Several things have come to mind that make me think: Jesus is like a fish.
I wrote recently about Jesus being like cellophane, and now like a fish. :) I guess that’s finding God in everything!
I heard an interview with Fabien Cousteau. He is Jacque Cousteau’s grandson. Jacque Cousteau was famous as I was growing up. He led ocean expeditions. He had several documentaries and TV specials and astounded people around the world with his discoveries underwater. Many of his descendants carried on the tradition and Fabien Cousteau is one of them.
In the interview, Fabien told the reporter about his plan to build a submarine that looked like a great white shark. He had seen that people thought of sharks as mindless killing machines. We only saw them attacking divers in observation cages. He built this lifelike shark submarine so he would be a shark. As the reporter wrote, “The grandson of famous oceanographer and filmmaker Jacques Cousteau believes the best way to learn about sharks is to become one.” ( Wired, “Cousteau Sub Mimics Great White,” Alison Strahan, April 2, 2005.)
This story of becoming a shark reminded me of an old Don Knotts live action animated movie, “The Incredible Mr. Limpet.” Don Knotts’ character, Henry Limpet, loves fish and longs to become one. Mysteriously, one day when he falls into the ocean he turns into a fish. He goes on to help the Navy locate German subs and ships during World War II. By becoming a fish, Limpet becomes a true member of their community. He takes on a partner, Ladyfish, and lives out his life as a fish, eventually training other fish to help humans as he had.
I thought, too, of a passage in The Jesus I Never Knew, by Philip Yancey. He wrote of keeping a salt-water aquarium, “no easy task,” monitoring chemical levels, pumping in nutrients, maintaining filters, controlling light, and so on.
You would think, in view of all the energy expended on their behalf, that my fish would at least be grateful. Not so. Every time my shadow loomed above the tank they dove for cover into the nearest shell. They showed me one “emotion” only: fear. Although I opened the lid and dropped in food on a regular schedule, three times a day, they responded to each visit as a sure sign of my designs to torture them. I could not convince them of my true concern.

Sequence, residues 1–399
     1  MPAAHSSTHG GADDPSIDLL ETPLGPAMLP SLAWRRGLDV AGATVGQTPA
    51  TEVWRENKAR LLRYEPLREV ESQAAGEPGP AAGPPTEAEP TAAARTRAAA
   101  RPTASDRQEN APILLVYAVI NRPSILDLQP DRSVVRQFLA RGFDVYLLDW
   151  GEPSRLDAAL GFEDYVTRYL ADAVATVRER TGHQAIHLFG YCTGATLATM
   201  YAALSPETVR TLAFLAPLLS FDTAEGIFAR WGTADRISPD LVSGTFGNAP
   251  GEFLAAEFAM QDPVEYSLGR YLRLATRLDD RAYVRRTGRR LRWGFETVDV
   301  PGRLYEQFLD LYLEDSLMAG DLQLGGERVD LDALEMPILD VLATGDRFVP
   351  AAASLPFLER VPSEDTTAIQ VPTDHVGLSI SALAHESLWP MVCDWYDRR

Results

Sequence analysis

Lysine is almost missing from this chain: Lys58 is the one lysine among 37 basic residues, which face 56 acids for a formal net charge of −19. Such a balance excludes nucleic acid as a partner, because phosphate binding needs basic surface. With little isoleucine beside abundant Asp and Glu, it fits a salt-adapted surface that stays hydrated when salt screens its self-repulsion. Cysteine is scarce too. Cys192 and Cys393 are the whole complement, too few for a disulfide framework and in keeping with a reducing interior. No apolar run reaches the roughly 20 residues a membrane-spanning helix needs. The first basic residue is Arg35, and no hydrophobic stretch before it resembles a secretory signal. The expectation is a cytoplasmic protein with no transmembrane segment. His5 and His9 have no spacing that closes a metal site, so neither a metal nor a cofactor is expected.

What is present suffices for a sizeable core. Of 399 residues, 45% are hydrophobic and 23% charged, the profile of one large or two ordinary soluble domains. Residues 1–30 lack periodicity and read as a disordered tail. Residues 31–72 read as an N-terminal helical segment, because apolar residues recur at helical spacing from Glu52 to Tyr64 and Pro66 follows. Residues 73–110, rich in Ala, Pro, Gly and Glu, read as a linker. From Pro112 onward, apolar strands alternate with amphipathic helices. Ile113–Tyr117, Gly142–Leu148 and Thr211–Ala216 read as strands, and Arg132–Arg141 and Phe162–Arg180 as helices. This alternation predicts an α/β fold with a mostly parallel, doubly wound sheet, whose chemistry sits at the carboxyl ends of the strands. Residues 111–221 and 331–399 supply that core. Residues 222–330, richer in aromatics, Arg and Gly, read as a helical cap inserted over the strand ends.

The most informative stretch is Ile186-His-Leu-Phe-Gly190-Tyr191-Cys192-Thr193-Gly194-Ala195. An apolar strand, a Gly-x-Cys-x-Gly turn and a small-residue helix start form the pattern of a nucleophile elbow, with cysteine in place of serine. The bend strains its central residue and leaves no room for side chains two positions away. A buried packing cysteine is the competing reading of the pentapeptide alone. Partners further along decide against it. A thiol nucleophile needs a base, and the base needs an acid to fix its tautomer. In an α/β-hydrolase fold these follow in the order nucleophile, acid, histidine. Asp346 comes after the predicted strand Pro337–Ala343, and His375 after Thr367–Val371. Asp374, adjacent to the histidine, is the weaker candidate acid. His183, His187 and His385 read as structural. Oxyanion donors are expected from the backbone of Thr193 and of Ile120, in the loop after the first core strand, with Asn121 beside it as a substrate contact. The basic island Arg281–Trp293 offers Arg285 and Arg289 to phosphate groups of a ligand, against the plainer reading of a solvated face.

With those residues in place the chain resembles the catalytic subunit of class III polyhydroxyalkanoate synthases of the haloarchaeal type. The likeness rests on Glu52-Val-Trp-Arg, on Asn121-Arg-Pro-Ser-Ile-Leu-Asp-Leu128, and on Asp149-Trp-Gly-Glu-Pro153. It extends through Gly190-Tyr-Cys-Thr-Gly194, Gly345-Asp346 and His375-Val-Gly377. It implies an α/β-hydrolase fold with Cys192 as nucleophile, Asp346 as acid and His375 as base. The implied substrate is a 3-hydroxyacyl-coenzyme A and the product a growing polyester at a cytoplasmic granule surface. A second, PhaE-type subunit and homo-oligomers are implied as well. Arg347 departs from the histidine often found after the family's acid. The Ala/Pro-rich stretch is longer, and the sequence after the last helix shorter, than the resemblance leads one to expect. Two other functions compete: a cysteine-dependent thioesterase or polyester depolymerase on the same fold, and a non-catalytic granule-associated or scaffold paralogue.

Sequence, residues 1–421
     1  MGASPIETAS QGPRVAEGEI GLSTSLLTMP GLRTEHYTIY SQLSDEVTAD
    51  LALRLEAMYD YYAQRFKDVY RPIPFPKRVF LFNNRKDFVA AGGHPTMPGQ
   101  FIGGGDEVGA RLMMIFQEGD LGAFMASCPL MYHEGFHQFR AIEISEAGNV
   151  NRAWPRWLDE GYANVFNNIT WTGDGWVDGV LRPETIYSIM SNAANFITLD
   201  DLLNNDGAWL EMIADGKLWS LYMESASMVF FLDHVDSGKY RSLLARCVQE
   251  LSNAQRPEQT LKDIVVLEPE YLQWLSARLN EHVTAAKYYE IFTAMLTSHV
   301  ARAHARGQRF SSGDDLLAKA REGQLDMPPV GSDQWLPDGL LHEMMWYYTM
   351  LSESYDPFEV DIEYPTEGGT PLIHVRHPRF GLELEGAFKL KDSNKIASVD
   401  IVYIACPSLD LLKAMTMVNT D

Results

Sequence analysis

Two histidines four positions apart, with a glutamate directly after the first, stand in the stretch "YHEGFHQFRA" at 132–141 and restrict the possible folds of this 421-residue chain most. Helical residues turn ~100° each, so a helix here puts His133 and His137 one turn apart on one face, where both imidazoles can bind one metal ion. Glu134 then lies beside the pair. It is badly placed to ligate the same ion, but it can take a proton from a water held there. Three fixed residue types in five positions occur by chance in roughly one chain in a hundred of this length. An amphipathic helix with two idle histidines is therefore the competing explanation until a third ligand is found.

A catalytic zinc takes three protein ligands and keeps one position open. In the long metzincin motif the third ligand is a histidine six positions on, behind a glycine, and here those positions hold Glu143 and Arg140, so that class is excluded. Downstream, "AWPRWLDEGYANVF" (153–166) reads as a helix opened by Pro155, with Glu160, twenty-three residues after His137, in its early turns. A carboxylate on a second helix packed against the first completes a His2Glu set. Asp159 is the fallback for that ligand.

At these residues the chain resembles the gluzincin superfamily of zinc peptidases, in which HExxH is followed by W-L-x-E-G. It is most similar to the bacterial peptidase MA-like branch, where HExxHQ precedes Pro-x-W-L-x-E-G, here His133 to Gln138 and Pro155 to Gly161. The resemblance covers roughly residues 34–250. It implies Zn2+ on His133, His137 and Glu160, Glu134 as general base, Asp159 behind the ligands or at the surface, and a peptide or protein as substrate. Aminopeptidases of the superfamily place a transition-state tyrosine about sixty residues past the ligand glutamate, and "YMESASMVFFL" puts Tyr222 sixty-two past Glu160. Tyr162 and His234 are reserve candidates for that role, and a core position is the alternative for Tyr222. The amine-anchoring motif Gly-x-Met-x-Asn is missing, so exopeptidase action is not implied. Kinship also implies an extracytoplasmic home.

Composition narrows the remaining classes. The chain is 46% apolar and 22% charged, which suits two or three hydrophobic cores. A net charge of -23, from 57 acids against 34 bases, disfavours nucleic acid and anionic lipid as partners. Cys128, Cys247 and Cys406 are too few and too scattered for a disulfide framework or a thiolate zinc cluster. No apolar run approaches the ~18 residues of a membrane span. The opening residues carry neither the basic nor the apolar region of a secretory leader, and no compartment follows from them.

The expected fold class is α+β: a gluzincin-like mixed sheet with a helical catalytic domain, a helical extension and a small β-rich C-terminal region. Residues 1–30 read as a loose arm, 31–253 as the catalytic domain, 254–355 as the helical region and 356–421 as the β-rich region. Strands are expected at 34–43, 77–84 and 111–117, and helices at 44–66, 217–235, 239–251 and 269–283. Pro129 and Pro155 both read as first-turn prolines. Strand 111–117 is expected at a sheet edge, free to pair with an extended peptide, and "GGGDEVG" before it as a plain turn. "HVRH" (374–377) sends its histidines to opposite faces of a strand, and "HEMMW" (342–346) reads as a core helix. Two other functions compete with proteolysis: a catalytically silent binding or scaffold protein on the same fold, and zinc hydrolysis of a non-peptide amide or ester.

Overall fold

Yancey realized that he would have to become a fish for them to know him.
To my fish I was deity. I was too large for them, my actions too incomprehensible. My acts of mercy they saw as cruelty; my attempts at healing they viewed as destruction. To change their perceptions, I began to see, would require a form of incarnation. I would have to become a fish and “speak” to them in a language they could understand. ( The Jesus I Never Knew, Philip Yancey, Zondervan, 1999)
In The Universal Christ by Richard Rohr, Rohr writes “God loves things by becoming them” and that statement is so striking, one famous reader, Bono, called and told him, “Richard, you’ve got to name the book God Loves Things by Becoming Them.” Rohr says since God created ALL things, everyone has to carry the “divine DNA,” and to truly connect with his creation, to show his deep love, God becomes one of his creations — a human.
So, that’s how God is like a fish! To show his love, to connect to us humans in a way we can understand, he became one of us.
I especially like the illustration from Philip Yancey realizing that the only way the fish in that aquarium would understand his acts of mercy would be to become a fish. I don’t know about you, but the thought of becoming a fish is not a pleasant one to me. Fish are slimy, they have bulgy eyes, they eat yucky stuff, they are constantly threatened by bigger, scary fish. Is that repugnant reaction similar to what becoming a human could feel like when you are God? Imagine deciding to give up your human body, your current life, and take on the body and life of a fish. Ew. No thanks.
Praise God that he loves us so much, he became one of us.
What can I pray about for you?